Before tucking my three young children (ages 3, 6, and 8) into bed, I look through their bookshelf to find a bedtime story. My contacts sticking to my eyes, too tired to read Princess in Black for the 18,000th time, I close my eyes and lay with them, telling my own story.

“Once upon a time, there was a woman who lived in a village.  She looked like everyone else but she had the most magical superpowers she was able to fight off worries and carry the invisible weight of emotional baggage, on both of her shoulders, all while making snacks at any hour of the day. The little people of her village called her ‘mom.’ In fact, the whole village was filled with these magical superheroes. Instead of capes, some wore suits with blazers, and some wore yoga pants. While they each had their own strengths, they all went by the same name and the children of the village relied on them for everything.

To regain their superpowers the ‘moms’ would meet up with their superhero friends. Together they would sip on magical beans that allowed them to see straight and made them feel like they could conquer anything. Both the kinship and magic beans together strengthened their bond and abilities to conquer the world. The ‘moms’ didn’t say “cowabunga,” “kapow,” or “holy hotcakes Batman.” Using a hug, a stare, or hands on their hips, they could communicate without even saying a word.

But one day, there was a terrible pandemic. The people of the village couldn’t go to school, or playgrounds. The ‘Moms’ weren’t able to meet up with her other superhero friends, the support system they relied on. They would each have to discover if they could navigate on their strengths alone.
The Daily Planet reported they were relied on now more than ever, but of all of the elected officials, no one in Gotham City’s town hall did much about it. The ‘Moms’ grappled with the demands of their careers, online schooling, caregiving, and relationships. They were left to hold everything together as the world crumbled around them. What would happen? Until next time…”

I wake up the next day in my toddlers bed, tucked into his Happy Napper, having fallen asleep telling my own story.  My children don’t bother asking if it was true.  I however, try to remind myself that it is true- I created the life of three beings, I sustain them, and I raise them to practice using their powers for good. I use my strengths to teach right from wrong, to be allies, to engage in our communities, and to use our voice to speak up to influence change. I even like to believe that I come from an unbroken line of superheroes. Our superpowers lay the foundation for the next generation. I instill the importance of speaking up- to go into the world making it a safe and welcoming place for all communities. Mothers don’t have the luxury of changing in and out of their capes- a shirt for zoom meetings and leggings for action suffice.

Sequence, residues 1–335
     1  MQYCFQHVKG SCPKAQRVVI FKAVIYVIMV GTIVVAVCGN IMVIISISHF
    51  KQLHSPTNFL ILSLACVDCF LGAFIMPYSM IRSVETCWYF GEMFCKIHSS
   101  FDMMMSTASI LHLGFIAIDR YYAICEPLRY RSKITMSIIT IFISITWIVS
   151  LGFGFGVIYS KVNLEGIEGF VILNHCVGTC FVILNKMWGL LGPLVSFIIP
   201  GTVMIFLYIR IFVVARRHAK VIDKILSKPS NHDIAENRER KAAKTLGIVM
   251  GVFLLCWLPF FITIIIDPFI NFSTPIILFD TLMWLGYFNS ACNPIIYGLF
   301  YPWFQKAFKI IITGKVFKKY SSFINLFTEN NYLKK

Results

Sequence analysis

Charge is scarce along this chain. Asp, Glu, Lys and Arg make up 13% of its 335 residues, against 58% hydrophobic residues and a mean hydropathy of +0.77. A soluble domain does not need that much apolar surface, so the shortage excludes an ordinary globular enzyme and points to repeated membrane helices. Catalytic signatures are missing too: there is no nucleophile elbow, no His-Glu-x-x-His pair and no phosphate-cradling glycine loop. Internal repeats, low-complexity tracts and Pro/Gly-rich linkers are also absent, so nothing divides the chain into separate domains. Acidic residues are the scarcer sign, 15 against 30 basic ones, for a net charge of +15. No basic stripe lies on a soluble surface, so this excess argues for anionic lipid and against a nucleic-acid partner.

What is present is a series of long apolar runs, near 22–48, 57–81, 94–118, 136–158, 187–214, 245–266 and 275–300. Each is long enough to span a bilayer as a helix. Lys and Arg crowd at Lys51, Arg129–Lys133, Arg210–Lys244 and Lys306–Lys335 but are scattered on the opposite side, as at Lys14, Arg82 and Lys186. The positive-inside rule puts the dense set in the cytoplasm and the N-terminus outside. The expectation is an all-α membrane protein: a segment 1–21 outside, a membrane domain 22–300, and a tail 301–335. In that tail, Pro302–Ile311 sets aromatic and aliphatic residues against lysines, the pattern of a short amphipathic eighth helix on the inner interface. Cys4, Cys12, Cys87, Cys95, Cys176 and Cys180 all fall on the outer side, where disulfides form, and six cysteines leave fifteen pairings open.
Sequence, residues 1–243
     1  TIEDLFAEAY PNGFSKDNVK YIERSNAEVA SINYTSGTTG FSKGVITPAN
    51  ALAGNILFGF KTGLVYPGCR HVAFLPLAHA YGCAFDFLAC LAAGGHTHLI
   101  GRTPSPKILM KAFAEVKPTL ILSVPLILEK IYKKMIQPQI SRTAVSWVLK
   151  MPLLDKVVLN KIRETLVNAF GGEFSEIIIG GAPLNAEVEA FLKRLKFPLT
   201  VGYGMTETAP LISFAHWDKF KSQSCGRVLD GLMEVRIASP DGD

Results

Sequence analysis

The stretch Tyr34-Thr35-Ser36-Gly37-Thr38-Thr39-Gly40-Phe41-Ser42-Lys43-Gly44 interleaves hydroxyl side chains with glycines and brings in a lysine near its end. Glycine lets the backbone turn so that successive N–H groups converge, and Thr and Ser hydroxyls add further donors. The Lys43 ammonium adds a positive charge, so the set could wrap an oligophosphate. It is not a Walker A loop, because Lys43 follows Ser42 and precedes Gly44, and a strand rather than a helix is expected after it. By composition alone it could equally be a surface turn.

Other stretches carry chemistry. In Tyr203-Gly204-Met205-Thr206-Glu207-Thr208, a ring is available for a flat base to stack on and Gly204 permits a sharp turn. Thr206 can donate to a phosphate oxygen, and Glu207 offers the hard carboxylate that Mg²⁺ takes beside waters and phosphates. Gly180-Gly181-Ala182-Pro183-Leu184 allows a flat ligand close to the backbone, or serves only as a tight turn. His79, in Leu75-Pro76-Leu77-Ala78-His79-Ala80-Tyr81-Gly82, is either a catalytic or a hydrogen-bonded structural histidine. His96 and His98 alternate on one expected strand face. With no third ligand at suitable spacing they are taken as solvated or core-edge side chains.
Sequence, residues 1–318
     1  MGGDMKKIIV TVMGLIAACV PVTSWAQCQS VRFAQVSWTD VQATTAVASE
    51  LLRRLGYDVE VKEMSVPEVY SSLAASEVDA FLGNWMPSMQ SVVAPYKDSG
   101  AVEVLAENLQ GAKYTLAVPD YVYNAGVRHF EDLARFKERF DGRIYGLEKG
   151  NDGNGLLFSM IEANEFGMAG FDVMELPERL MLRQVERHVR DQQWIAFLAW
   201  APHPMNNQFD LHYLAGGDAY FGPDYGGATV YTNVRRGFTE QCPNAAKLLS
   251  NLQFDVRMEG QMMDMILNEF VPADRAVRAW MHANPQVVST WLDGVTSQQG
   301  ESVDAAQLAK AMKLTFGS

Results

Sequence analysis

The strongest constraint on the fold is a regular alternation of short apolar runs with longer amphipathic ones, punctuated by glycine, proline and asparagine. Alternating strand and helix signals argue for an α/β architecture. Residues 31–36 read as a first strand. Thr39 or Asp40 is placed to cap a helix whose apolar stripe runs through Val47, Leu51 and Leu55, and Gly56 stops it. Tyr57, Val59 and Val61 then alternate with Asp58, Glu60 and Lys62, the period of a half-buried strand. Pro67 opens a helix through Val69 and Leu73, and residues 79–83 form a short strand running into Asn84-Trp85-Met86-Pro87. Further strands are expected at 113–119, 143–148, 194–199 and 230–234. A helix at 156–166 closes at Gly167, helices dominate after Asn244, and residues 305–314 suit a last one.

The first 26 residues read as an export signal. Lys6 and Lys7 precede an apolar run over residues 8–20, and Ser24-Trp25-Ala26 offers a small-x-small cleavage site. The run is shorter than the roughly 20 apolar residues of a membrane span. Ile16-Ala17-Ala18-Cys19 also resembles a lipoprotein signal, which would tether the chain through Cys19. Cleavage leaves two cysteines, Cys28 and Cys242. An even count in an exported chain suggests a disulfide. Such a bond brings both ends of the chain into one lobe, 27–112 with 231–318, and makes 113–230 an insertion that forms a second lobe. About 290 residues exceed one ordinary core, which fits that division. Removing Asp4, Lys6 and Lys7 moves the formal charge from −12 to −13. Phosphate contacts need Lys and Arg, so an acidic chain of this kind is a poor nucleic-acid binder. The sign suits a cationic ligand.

Mothers persevere, paving paths, and standing their ground in spaces dominated by men, creating change through action, social justice, and leading by example. Young boys and girls alike need to hear stories of mothers who like superheroes, believe in their powers, digging deep to find the energy to amplify their voices, not knowing if their message will be absorbed by the little people in their village.  As mothers, we have weaknesses, arch nemesis, and the need to recharge- which all stand as a reminder that we are in fact mortal.

Now more than ever, mothers need to be reminded of their strengths and even though we might be fighting battles on our own, we stand together in fighting the good fight.

About the author: Jessica Keith is a professional lecturer at San Diego State University. When she’s not busy saying, “don’t make me repeat myself,” to her children (ages 3, 6, and 9), she is getting paid to discuss the diverse implications of repeating oneself, teaching Cross-Cultural Communication.


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